“Other concerns are that the counseling center staff needs to match or reflect the diversity of our student body,” ASMSU President Lorenzo Santavicca said. “Right now our Counseling Center does a pretty good job with that, but in the student model it’s an ongoing commitment that students want to hear from our leaders of the institution to ensure that students can feel like they are represented in the Counseling Center in terms of their race, ethnicity, sexuality, gender.”
Becker promised to not only continue providing culturally sensitive and multilingual services to international students, but CAPS is also planning to begin sponsoring an online counseling service provided by that offers web and phone based counseling from providers in students’ countries of origin. These providers understand their language and culture and have information about existing on-campus resources at MSU.
Included in the multiple student groups and backgrounds on campus, graduate students hope for the future effectiveness of the MSU Counseling Center and the accommodation of their needs that are different from undergraduate students. Doctoral student Sarah Owocki, whose younger brother committed suicide, seeks long-term counseling and wants to get rid of the stigma behind seeking help.
“You have a built-in reluctance to seek treatment and almost a perception that it’s something for undergraduates and that they wouldn’t be skilled in addressing concerns,” Owocki said.
Owocki said she would might have been part of a “silent majority” of students affected by what’s going on around them, but would be too reluctant to seek help.
“I honestly don’t know if I had been an undergraduate in this environment, if I would have been comfortable seeking services,” Owocki said.
To Stephens, one can only do so much to release the stigma, and the institution and students must work to promote mental health awareness and education.
In the Hands of the Students
“In addition to the more integrated and expanded range of clinical, outreach, and prevention services, I envision a range of efforts on campus to improve the climate for mental health and to encourage dialogue, help-seeking, and student support,” Becker said.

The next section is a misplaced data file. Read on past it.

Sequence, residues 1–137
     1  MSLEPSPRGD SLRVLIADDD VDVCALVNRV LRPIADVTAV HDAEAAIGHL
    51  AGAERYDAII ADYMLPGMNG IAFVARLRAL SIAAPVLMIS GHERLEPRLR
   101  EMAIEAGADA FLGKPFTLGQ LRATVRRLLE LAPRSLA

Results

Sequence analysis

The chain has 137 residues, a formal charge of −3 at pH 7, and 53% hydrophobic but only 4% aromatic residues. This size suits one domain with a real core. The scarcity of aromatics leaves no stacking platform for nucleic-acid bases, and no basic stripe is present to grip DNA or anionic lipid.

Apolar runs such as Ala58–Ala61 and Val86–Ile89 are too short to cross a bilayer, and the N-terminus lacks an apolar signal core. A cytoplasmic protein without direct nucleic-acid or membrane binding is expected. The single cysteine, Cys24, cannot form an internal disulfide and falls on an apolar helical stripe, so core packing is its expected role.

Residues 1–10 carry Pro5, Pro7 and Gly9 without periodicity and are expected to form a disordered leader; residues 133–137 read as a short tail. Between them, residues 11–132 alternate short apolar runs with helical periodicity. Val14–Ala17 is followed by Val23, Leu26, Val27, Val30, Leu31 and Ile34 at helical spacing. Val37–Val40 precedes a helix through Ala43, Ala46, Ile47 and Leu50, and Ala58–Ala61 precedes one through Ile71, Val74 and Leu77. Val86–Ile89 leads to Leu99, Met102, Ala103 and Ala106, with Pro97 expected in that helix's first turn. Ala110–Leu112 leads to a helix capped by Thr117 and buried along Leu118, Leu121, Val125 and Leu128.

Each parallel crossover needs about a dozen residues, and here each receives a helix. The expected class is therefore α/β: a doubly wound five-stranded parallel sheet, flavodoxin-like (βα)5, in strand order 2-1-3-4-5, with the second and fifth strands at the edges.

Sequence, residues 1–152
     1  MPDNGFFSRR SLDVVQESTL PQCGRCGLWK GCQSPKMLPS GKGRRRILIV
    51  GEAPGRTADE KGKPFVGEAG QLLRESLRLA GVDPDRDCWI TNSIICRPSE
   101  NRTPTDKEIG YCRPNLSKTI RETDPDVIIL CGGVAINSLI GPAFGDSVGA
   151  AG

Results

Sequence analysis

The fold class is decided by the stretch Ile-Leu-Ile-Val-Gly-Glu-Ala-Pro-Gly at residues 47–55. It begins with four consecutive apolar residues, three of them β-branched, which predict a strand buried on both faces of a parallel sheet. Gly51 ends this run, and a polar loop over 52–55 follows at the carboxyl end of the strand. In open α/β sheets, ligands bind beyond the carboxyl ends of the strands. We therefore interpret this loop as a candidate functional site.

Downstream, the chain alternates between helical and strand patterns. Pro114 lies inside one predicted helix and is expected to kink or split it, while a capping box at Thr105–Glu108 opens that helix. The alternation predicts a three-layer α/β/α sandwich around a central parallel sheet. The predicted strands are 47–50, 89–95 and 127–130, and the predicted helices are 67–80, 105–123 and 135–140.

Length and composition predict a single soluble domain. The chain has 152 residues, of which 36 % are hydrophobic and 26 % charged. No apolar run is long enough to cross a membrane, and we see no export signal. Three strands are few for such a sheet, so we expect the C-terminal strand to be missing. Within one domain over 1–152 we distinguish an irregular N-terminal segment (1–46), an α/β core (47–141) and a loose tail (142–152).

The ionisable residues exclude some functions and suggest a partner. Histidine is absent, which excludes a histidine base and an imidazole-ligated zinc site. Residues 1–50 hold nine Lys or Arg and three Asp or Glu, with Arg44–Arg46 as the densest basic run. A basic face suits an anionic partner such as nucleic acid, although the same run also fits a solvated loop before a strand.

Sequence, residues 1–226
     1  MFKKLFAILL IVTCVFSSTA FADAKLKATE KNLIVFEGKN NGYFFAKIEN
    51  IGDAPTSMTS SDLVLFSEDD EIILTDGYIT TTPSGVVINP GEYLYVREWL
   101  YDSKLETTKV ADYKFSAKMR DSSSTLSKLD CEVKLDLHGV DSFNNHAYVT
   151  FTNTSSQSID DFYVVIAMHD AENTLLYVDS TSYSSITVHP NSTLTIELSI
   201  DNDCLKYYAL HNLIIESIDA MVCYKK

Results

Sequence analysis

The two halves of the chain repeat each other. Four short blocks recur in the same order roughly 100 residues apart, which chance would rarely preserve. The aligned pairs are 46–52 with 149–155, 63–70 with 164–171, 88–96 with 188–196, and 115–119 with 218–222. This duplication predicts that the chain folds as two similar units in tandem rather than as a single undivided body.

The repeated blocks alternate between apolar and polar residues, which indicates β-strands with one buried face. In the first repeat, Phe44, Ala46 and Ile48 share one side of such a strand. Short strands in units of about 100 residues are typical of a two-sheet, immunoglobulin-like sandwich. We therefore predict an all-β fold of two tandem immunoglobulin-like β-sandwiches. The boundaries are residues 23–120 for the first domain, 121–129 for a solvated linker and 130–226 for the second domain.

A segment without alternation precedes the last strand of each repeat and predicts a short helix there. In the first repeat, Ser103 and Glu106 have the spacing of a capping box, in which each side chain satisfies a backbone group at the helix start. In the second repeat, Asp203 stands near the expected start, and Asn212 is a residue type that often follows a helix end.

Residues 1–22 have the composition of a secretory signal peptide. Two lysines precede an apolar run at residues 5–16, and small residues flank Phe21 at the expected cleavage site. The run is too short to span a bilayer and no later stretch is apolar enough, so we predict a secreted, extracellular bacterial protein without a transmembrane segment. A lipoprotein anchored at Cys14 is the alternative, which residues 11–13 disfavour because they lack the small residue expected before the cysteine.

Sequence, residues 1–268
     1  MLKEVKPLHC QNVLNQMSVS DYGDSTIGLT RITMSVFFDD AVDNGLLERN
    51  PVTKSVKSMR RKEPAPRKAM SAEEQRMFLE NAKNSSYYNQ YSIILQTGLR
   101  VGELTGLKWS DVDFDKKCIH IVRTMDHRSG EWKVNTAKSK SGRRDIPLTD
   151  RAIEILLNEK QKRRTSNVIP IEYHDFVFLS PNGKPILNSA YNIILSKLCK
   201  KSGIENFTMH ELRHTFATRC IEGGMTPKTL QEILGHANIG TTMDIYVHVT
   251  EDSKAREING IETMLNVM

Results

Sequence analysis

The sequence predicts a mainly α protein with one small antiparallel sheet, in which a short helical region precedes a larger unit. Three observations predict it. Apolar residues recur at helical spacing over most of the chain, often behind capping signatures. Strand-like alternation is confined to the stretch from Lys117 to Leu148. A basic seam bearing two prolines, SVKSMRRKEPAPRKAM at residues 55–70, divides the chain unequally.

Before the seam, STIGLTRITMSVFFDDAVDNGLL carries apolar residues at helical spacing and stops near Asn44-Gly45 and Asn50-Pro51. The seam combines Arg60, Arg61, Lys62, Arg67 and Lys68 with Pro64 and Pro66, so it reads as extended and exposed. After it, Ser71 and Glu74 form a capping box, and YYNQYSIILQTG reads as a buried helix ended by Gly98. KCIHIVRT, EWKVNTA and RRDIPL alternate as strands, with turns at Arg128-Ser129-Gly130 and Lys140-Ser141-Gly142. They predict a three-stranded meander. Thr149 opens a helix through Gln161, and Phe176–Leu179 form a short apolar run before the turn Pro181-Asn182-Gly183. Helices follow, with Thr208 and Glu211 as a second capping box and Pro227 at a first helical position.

Not only are there student groups and efforts such as ASMSU’s Spartan Support Network, the Mental Health Awareness Club and Stephen’s petition, there are also other choices.
Wiebrecht spent time away from MSU for his mental health by means of medical withdrawal after speaking with an adviser and providing letters from his psychologist, an option available for students at MSU.
“It was a good process,” Wiebrecht said. “I think that if it was made more visible to students, then a lot more students will take advantage of it and use it. It’s kind of hidden in those corners of the MSU website where you have to be looking for it specifically to find it, but I thought it was a good process.”
The MSU Counseling Center and the Students
Becker noted focus groups consisting of student representatives from ASMSU, Council of Graduate Students, or COGS and the Student Health Advisory Council currently serve on CAPS design teams and participate in the planning process.
ASMSU and COGS held student town hall meetings for interactions between administrators, psychiatrists, student leaders and students to generate discussions and express concerns.
Becker said the MSU Counseling Center is switching to CAPS and its location to Olin Health Center by fall of 2017.
“Going forward, I’d like to make sure that the core team that is designing this new model will actively reach out to students and ask for their input, will ask for their opinion and really ask, ‘Is this what you are envisioning for your mental health services?’” Santavicca said. “Because ultimately, the commitment that we’re seeing under this new structure is that it’s all student driven.”